Economic growth for second quarter is on track to double 2017’s full-year pace

The U.S. economy is heating up as the year progresses, with the second quarter pointing towards some of the gaudy growth that President Donald Trump predicted when he was running for president.

In its most recent forecast, the Atlanta Fed said the three-month period is tracking at a 4.6 percent gain, exactly double the 2017 rate as well as the 2018 first-quarter number. If accurate, the growth rate would easily outdistance the 3.1 percent gain for 2017 in the same three-month period.

While running for office, Trump promised his policies would push the economy towards growth he estimated as high as 6 percent.

The Atlanta district raised its forecast following a report Friday morning indicating a stronger than expected inventory build that raised the forecast one-tenth of a point.

Other trackers indicate stronger growth as well, though the central bank’s tracker is the most optimistic.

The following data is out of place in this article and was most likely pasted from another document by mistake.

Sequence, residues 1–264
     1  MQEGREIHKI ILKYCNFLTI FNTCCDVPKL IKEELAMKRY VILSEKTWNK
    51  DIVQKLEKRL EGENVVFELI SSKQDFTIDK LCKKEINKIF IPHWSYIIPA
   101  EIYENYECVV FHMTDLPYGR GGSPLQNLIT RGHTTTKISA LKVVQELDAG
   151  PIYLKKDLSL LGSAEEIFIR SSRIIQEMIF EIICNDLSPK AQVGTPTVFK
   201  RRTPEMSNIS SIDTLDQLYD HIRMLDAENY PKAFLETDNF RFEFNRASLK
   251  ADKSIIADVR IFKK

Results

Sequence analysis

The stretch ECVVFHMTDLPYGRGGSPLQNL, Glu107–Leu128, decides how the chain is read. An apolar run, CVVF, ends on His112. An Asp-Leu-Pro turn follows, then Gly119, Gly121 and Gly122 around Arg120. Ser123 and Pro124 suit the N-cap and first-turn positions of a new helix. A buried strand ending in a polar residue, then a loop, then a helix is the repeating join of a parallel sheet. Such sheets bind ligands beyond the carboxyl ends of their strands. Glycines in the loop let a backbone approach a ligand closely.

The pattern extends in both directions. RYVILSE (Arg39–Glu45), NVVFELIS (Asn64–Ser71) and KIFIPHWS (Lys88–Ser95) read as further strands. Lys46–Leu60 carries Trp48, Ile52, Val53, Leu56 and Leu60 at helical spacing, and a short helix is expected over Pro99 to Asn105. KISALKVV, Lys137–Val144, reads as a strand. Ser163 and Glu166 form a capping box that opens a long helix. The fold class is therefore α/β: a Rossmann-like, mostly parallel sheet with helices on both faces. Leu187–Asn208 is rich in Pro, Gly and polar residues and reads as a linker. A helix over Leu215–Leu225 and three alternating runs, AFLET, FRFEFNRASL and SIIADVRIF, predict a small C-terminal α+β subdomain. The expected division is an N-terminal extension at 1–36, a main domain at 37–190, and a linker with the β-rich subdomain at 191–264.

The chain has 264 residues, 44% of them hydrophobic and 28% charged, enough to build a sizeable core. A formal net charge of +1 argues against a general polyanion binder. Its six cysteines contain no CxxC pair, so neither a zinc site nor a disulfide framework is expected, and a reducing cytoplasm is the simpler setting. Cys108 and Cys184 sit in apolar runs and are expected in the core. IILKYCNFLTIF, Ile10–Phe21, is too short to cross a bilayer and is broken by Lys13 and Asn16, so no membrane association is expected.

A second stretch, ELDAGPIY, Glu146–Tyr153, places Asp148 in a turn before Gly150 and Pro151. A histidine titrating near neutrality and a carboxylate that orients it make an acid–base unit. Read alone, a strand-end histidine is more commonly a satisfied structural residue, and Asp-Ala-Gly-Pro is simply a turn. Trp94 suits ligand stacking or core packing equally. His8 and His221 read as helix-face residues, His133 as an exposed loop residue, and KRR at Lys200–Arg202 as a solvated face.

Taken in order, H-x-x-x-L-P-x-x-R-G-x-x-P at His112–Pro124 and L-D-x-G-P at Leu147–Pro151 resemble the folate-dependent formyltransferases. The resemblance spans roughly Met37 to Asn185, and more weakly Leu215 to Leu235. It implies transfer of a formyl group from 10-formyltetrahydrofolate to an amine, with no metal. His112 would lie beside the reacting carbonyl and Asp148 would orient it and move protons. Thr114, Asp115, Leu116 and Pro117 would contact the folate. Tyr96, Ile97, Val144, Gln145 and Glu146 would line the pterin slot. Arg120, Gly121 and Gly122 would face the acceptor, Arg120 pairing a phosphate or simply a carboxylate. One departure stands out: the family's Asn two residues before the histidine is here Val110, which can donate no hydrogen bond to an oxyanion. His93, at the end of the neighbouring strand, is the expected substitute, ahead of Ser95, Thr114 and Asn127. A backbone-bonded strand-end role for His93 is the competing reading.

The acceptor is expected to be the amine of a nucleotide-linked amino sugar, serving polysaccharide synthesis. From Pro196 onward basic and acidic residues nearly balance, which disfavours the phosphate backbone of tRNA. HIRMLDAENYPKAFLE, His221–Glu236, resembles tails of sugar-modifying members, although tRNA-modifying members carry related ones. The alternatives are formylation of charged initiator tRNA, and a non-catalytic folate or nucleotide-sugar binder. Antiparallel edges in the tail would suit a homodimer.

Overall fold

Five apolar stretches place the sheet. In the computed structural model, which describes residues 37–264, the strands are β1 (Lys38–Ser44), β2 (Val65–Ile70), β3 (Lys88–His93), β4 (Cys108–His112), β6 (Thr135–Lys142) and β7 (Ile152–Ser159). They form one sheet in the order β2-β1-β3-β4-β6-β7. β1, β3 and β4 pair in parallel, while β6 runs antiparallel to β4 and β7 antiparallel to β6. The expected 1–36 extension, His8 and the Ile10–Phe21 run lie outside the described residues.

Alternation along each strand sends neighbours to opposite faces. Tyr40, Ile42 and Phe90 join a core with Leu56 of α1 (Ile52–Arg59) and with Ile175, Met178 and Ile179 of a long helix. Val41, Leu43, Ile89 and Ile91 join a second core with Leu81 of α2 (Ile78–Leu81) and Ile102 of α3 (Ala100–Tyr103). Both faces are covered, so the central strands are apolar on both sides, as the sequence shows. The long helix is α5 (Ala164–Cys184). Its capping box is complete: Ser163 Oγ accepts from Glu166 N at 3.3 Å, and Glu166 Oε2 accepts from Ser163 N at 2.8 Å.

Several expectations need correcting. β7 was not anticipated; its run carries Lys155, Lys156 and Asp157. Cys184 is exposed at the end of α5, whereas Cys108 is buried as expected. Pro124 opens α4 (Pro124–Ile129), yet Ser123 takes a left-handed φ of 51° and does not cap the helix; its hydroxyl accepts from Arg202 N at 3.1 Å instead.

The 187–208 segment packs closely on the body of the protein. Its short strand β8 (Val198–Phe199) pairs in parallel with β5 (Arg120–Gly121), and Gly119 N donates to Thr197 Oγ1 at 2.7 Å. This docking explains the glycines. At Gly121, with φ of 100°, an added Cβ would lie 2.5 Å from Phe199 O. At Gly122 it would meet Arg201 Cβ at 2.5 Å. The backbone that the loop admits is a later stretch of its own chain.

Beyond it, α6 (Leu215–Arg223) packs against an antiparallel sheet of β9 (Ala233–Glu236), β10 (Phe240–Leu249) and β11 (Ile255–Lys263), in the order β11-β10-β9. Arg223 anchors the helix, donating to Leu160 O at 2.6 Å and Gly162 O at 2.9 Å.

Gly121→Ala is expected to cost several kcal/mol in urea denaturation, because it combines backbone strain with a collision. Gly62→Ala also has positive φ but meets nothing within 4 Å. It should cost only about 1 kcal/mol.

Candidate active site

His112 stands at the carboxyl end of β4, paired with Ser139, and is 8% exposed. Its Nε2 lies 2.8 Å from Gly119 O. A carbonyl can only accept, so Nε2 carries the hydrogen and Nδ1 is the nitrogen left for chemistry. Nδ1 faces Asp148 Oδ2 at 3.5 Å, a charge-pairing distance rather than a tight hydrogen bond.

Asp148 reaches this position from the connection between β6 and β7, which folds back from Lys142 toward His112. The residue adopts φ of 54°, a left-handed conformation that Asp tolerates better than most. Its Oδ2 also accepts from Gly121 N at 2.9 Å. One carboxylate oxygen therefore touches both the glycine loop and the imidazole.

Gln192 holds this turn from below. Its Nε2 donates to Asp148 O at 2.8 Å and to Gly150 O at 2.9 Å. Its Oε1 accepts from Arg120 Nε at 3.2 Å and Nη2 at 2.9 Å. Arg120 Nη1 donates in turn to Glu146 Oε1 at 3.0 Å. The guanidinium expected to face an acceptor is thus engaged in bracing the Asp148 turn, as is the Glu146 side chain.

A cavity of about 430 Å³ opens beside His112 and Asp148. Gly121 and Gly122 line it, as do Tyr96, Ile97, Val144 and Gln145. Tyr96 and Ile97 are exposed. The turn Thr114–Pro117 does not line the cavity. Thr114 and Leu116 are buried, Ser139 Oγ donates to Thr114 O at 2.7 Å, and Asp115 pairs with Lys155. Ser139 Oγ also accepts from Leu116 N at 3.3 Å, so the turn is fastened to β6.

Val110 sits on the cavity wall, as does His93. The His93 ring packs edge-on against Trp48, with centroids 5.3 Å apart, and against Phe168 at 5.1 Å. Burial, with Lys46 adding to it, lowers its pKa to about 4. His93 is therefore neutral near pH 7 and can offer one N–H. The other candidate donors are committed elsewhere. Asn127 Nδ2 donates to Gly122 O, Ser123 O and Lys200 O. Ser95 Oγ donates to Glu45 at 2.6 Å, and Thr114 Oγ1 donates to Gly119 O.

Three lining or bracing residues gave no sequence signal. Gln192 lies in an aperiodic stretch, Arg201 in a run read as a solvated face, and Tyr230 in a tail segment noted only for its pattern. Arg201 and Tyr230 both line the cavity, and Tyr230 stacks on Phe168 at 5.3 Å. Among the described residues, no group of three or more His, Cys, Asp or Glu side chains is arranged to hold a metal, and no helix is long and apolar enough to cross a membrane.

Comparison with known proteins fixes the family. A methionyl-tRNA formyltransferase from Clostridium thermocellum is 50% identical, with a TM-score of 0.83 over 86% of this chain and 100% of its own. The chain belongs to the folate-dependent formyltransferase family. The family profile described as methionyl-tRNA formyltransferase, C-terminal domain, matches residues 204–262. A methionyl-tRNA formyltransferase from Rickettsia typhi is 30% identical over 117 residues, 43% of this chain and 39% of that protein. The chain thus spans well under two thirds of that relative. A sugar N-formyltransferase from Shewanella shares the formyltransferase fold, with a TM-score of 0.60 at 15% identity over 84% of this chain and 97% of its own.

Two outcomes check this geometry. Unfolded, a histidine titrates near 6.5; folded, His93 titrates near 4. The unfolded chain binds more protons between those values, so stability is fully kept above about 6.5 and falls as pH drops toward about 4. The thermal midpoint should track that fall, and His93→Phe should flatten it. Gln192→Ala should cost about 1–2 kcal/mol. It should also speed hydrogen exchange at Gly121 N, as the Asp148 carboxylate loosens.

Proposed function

CNBC’s reliable Rapid Update, which looks at readings from top economists, sees the second quarter coming in at a healthy 3.7 percent. The New York Fed’s Nowcast is tracking a more muted 3.1 percent gain.

The buoyancy comes amid an economy operating close to full employment, with an unemployment rate 3.8 percent, inflation still hovering at or below 2 percent and business and consumer confidence strong.

The Federal Reserve is watching growth closely, and is likely to increase interest rates next week at its two-day policy meeting.

Earlier this week, the U.S. economy got an important vote of confidence from both legendary investor Warren Buffett and JP Morgan Chase CEO Jamie Dimon.

“Right now, there’s no question: It’s feeling strong. I mean, if we’re in the sixth inning, we have our sluggers coming to bat right now,” Buffett told CNBC, adding that “right now, business is good. There’s no question about it.”

“The way I look at it, there is nothing that is a real pothole,” Dimon added. “If you look at how the table’s set, consumers are in very good shape.”

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